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Old 04-03-2006, 12:28 AM   #1
Canam44 OP
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Question KLR 250 kick-starting tips?

My wife is having a hard time kick-starting her KLR 250 (height problem, I think). Does anyone have any tips to make it easier,....other then having me do it every time?
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Old 04-03-2006, 03:05 AM   #2
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Quote:
Originally Posted by Canam44
My wife is having a hard time kick-starting her KLR 250 (height problem, I think). Does anyone have any tips to make it easier,....other then having me do it every time?
I've seen references to lowering kits for the 250. Maybe search the KLR250 section of KLR650.net or the Yahoo 250 group.
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Old 04-03-2006, 04:46 AM   #3
dirtypumpkin
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Quote:
Originally Posted by Canam44
Does anyone have any tips to make it easier,....other then having me do it every time?
Trade it in on the new E start KLX250?
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Old 04-03-2006, 08:56 AM   #4
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Is it a height thing, or just not enough muscle to give it a good whack? Is it jetted properly? The valves adjusted? My 98 would fire up on a 60 degree day with a limpdick push through a stroke after proper jetting and valve adjustment.
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Old 04-03-2006, 09:37 AM   #5
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  • With the kickstand down and sitting on the bike...
  • Kick slowly through the stroke once all the way down.
  • Bring the kickstart back up again.
  • Kick slowly again until the compression stops your downward motion (the kickstart will be about halfway down and the piston will be at around Top Dead Center (TDC)).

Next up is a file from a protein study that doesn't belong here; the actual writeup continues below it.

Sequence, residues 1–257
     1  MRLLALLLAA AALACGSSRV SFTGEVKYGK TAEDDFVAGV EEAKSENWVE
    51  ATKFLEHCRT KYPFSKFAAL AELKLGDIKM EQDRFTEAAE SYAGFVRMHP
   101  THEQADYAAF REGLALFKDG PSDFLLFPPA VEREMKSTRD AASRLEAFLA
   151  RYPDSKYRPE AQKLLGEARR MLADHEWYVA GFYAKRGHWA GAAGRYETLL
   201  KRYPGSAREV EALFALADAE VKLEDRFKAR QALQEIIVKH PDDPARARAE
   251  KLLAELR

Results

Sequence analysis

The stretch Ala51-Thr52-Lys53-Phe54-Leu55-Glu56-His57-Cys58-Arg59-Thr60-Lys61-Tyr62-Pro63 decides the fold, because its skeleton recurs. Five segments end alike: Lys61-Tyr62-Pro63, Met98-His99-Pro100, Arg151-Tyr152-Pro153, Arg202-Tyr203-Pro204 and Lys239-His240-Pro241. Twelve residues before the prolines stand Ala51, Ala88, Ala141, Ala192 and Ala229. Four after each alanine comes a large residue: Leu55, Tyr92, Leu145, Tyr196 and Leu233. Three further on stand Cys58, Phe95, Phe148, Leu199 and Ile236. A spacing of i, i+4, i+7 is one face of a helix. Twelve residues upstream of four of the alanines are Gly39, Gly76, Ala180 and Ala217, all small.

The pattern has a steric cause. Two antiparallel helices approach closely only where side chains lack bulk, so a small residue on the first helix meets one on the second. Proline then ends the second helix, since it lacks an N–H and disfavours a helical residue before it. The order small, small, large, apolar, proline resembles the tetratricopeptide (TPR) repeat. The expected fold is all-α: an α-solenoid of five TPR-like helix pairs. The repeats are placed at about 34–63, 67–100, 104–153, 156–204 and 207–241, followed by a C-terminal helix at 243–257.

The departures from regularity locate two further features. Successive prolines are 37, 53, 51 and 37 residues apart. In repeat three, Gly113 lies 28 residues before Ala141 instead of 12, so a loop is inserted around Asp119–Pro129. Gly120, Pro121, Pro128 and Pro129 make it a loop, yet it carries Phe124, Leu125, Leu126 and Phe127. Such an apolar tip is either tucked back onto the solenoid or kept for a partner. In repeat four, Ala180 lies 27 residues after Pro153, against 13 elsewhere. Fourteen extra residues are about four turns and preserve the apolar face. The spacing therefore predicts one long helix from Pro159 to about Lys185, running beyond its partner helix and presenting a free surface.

• Pull in the decompression lever if you have one and continue the downward stroke by an inch (or if no decomp lever, go to next step).
  • Bring the kickstart back up again.
  • Kick hard.
  • Repeat.
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Old 04-03-2006, 10:31 AM   #6
digitaldan01
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KLR 250 is one of the easiest bikes to kickstart, my friend could start his by pushing down on the kick start with his hand (and no he is not a gym gorilla), if she cannot start it get another bike with e-start it is the only solution. Good luck.
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Old 04-03-2006, 10:45 AM   #7
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I have seen people that are new to kick starts try to "turn" the kickstarter with their foot instead of just kicking down.
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Old 04-03-2006, 11:07 AM   #8
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First and foremost, the engine must be in good tune. Valves, carb, plug, air filter, etc., should be in good condition.

It takes a bit of practice, then, the easy part. Don't stand up, just kick it from a sitting position. Don't kick it hard (even if you're a kid or girl, that kind of force is not needed: the quickness of the kick is the key, not the power in your leg).

In very cold conditions with cold engine: turn ignition on, full choke, two, maybe three kicks from the top of the compression stroke. If it requires more, tune the engine.

Warm engine (regardless of weather/temperature): no choke, one easier kick. On my 2000, when the engine is warm it takes about 1/2 a kick, that's all.

Hot weather/cold engine: about 1/3 to 1/2 choke, one kick. Maybe two.

WARNING: kicking the lever too hard will result in whacking the top of one's foot on the peg, causing severe pain and outbursts of profane language. Just a snappy, finessed kick is all it takes.

Couldn't be easier, if your technique is good.

Good luck!

vagt6 screwed with this post 04-03-2006 at 11:21 AM
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Old 04-03-2006, 11:24 AM   #9
Hannda
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Once her bike has been running my wife can start her KLR250 easily. After not running for a week, I have to do it. My technique?
Turn on key
One dry kick
Full choke, clutch in, two full blips of the throttle, throttle held closed, kick.